However, newer research shows that people who led nomadic or half-nomadic lifestyles, could have very complex group dynamics and belief systems. Instead it might have been the other way around – humans slowly developed more and more complex societies and ways of manipulating or taking control over large groups of people, and this in turn led to the ability of developing agriculture, which in its turn led to permanent settlements.

When I was reading Harari’s book “Sapiens”, it really struck me again that the notion that humanity became complex creatures once we settled down and stopped being nomads, is completely false. The only thing that we can know for sure is that these cities and infrastructures that we have today, would not have been possible without settling down.

On the other hand – what infrastructures did and does nomadic people have, that we do not? And even more striking – has the way that we intuitively develop infrastructure over the millennia, even after the vast majority of the world’s population aren’t nomads anymore – been influenced by the way we inherently are nomads as a species?

Harari brings up something else that he sees as crucial for peaceful coexistence in large groups: Gossip. He claims that all apes are intensely interested in social information and that Homo sapiens’ way of speaking developed from gossip. Since we weren’t large and effective predators, cooperation was the key to survival even early on. It’s much more important to know who’s sleeping with who, who hates who, who is honest and who is a trickster, than in what direction the lions are.

This mean of communication – spread from person to person throughout large groups of people – must have influenced the way media infrastructure developed right from the start. Even though the word “gossip” has a bad connotation in today’s society, it’s still taking up a vast amount of space, energy and time in our lives. Gossip is often something that women are considered doing, perhaps because women traditionally have taken care of the home sphere and the relationships of the family. But if this is the force that actually holds us together as a species – why do we then despise it so much?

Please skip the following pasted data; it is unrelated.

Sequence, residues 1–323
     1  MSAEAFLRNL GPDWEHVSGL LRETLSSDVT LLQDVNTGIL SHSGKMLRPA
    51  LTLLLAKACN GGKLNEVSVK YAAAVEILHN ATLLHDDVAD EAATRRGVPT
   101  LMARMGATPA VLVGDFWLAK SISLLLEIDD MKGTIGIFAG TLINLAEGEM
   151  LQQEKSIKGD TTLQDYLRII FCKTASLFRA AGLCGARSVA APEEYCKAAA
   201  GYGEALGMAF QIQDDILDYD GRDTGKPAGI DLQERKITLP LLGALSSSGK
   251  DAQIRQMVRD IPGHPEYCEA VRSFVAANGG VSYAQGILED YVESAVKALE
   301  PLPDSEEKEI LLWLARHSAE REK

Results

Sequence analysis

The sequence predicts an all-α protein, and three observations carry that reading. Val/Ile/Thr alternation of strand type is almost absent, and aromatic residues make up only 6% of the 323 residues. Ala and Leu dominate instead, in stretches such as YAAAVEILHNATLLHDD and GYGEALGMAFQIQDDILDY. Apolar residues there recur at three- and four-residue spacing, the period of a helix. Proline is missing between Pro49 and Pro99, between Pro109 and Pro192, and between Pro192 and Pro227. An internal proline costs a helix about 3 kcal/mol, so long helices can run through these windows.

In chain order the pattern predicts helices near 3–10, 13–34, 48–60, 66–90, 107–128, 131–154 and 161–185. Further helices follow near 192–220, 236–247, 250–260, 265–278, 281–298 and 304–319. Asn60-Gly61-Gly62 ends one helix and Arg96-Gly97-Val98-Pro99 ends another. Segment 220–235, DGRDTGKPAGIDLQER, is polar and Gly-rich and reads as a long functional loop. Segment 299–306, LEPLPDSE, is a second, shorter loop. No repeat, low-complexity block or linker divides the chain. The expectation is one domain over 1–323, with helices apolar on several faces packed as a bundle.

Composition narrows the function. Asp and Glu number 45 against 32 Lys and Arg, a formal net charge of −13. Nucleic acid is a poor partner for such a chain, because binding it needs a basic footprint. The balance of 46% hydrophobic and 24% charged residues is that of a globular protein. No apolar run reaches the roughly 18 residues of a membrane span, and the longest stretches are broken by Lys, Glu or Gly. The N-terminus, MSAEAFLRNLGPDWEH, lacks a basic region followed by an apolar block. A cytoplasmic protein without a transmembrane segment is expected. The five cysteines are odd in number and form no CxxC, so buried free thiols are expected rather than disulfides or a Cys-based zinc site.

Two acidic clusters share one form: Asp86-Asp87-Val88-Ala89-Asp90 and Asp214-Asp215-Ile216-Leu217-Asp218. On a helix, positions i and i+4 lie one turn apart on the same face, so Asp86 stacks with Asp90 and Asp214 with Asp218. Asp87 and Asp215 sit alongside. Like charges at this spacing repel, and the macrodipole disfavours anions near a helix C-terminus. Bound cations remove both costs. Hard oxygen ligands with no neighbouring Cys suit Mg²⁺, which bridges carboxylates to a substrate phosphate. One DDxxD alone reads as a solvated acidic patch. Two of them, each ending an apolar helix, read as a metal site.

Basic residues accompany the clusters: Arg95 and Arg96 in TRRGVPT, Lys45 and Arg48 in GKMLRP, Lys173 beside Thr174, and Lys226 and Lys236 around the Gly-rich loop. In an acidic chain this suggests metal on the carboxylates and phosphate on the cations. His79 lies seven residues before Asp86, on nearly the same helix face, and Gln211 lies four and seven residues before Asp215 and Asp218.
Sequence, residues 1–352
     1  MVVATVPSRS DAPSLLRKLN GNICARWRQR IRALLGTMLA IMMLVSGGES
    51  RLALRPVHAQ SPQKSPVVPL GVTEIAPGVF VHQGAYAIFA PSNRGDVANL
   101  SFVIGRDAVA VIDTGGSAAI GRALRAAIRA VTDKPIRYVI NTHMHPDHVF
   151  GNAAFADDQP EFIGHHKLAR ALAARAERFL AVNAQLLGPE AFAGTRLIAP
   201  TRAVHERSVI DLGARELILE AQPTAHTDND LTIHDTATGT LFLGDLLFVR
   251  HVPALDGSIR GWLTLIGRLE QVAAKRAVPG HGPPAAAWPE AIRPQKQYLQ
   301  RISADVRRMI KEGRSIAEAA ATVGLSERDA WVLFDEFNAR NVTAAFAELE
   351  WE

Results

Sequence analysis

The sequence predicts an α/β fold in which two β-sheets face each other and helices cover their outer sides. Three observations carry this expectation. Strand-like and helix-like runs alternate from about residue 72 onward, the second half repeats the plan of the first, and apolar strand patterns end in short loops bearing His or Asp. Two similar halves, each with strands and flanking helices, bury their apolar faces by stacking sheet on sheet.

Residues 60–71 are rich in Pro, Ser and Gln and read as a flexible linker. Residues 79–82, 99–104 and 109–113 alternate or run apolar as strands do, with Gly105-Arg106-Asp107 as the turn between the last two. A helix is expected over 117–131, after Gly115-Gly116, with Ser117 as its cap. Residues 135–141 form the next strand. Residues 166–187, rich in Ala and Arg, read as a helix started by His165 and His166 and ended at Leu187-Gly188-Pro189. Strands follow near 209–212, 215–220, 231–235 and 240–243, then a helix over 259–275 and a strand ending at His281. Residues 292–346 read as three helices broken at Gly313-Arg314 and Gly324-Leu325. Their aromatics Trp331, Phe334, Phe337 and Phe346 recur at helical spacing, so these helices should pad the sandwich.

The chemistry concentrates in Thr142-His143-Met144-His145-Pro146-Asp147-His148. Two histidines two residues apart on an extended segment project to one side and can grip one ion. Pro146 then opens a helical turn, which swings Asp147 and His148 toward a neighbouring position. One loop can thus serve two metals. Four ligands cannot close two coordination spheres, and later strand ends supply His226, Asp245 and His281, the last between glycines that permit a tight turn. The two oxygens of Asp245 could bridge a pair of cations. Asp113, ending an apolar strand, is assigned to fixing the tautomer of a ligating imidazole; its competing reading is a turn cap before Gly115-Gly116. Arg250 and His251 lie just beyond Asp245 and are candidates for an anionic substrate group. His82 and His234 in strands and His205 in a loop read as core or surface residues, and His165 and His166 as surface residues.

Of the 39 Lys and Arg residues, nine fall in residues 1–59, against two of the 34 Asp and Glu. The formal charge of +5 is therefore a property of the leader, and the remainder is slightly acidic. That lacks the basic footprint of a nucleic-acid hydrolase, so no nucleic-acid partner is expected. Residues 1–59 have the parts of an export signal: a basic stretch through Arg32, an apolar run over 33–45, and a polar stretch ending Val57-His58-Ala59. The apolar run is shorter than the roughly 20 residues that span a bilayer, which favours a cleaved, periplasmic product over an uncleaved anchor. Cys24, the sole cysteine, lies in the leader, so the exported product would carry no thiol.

A large portion of today’s media is taken up by pure gossip, whether there is truth behind it or not. Most of the stories are impossible for us to fact check ourselves. News articles, social media posts and blog posts tell us the latest weird thing Trump did, what the Kardashians are up to and that Jay-z has cheated on Beyoncé again. Most of us don’t know these people personally and have no direct link to them. We have to trust the source or find other sources. This is the strength and the weakness of human societies today. Shannon Mattern again:

Overlooking the way gossip and other ways of communicating has shaped media infrastructure, is perhaps one of the reasons we’re in such a hot mess today. It’s called “social” media for a reason – its primary task is not to offer the truth, but for humans to be social, to gossip. If we took this inherent human trait into account – how would we want to change the infrastructures of media then? And how can we develop trustful ways of tracing the source of information?

Hungry for bandwidth?

Based on the data reported in the 2018 edition of the “Sandvine Global Internet Phenomena Report” a statement is made clear and indisputable: “Video is bigger than ever”.

Sandvine, a networking equipment company based in California, put the spotlight on the consolidated phenomenon of “video streaming”, a practice that keep busy near the 58% of the global downstream internet traffic. The video streaming world does not include only the most known and mainstream services such as Netflix, YouTube, and Amazon Prime. Operator-based streaming and direct consumer streaming are also a big part of the scheme, many operators provide streaming of the content that they own the rights, as well as every network which streams their content in some way. Not to mention social network video sharing and direct video chat services.

Among this various environment of streaming services, one above all has managed to reach the apex in its category, and obviously this one is the more than notorious NETFLIX.
This streaming giant is available today worldwide basically in every country (except four), and with its average total amount of internet traffic near to the 15% (19% in the U.S.), has reached the position of “top video site in the world”.